Category: Federal Government
|March 31, 2014||Posted by M. P. under Behavorial Health, Federal Government, Policy, Research||
Just over 4 percent of Pennsylvania adults reported experiencing severe mental illness in the past year, while approximately 18 percent reported any mental illness during the same time period, according to the new brief from SAMHSA, State Estimates of Adult Mental Illness for the 2011 and 2012 National Surveys on Drug Use and Health. The report contains data from over 92,000 adults in the United States who participated in the National Survey of Drug Use and Health in 2011 and 2012. The rate in Pennsylvania has increased only incrementally since the 2008 and 2009 report, when 3.5 percent of adults in Pennsylvania reported a severe mental illness in the past year, while 17.7 percent reported any mental illness.
In the 2011, 2012 report, West Virginia had the highest rate of severe mental illness (5.5 percent) reported among adults, as well as the highest rate of any mental illness among adults, 21.4 percent. There does not seem to be any regional correlation to rates of mental illness, as states with high and low rates of both severe mental illness and any mental illness are located in all regions of the country. However, these data can assist in examining connections between mental health and other health issues at the state level, such as the link between mental illness and non-response to traditional anti-smoking interventions, hopefully leading to similar innovative approaches to public policy.
Substance Abuse and Mental Health Services Administration, Center for Behavioral Health Statistics and Quality. (February 28, 2014). The NSDUH Report: State Estimates of Adult Mental Illness from the 2011 and 2012 National Surveys on Drug Use and Health. Rockville, MD.
Substance Abuse and Mental Health Services Administration, Center for Behavioral Health Statistics and Quality. (October 6, 2011). The NSDUH Report: State Estimates of Adult Mental Illness. Rockville, MD.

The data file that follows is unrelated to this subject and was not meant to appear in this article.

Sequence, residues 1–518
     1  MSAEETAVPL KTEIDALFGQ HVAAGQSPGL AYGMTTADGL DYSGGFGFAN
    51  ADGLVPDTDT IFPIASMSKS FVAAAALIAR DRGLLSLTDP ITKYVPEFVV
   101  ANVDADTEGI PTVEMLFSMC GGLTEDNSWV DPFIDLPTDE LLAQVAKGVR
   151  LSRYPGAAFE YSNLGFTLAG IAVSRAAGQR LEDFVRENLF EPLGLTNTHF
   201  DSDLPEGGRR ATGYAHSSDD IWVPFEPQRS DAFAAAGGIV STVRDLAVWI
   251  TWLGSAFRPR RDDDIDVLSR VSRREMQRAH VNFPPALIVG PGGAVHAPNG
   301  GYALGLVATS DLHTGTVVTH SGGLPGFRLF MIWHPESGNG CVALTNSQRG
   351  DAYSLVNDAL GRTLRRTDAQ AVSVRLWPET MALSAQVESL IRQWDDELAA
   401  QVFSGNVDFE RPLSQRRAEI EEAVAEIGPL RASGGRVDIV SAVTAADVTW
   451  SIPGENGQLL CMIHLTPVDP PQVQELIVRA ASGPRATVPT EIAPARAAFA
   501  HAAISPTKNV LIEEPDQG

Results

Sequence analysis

|March 11, 2014||Posted by M. P. under Education, Federal Government, Management, News||
Last month, the Bureau of Labor Statistics reported that American volunteerism had declined to 25.4 percent, the lowest rate since such data were first collected in 2002. The drop in volunteering occurred across many groups including,
- men and women (though overall, women still volunteer more than men)
- whites and blacks (no change among Asian and Hispanic volunteers)
- persons employed (full or part-time) and those not in the workforce
- persons with a high school diploma or a college degree
The median amount of time a person volunteered in 2012-2013 was 50 hours, with 72 percent reporting that they volunteer for one organization. Approximately 43 percent of respondents sought out the opportunity to volunteer, while just about 41 percent were asked to do so by another person.
The BLS brief defines volunteers as “persons who performed unpaid volunteer activities,” which could also encompass internships by high school and college students. This younger group does not appear to be experiencing a decline their interest to donate time, in fact, a study by Millennial Branding and Internships.com found that 77 percent of high school students were strongly motivated to volunteer, a rate even higher than their college counterparts (63 percent). The study suggests that high school youth recognize the educational (skill development) and pragmatic (networking) benefits associated with unpaid internships for organizations or companies that align with their career interests.
Have you noticed any changes in the volunteer pool at your nonprofit?
|February 2, 2014||Posted by M. P. under Behavorial Health, Drug and Alcohol, Federal Government, Research||
Last week the Substance Abuse and Mental Health Services Administration (SAMHSA) announced a new report containing a wealth of data on American’s behavioral health, both overall and at the state level. The National Behavioral Health Barometer looks at mental illness, alcohol dependency, illicit drug use, treatment rates and perceptions of the dangers of substance use. This timely trend and snapshot data – particularly those from the state reports – might be helpful for your upcoming grant writing, business planning, or community initiative proposals.
Highlights from the national report:
- In 2012, approximately 4 percent of adults had a severe mental illness the year prior to the survey.
- In 2012, more females 12 to 17 years old (13.7 percent) reported a major depressive episode in the year prior than males (4.7 percent), and 37 percent of youths received treatment for depression within the year prior to being surveyed.
- Between 2008 and 2012, cigarette use among youths (across all racial groups) declined from 9.2 to 6.6. percent.
- In 2012, people between 18 and 25 years of age reported the highest rate of alcohol dependence/abuse (14.3 percent). The rate of alcohol dependency of those over age 12 decreased overall between 2008 (7.4 percent) and 2012 (6.8 percent).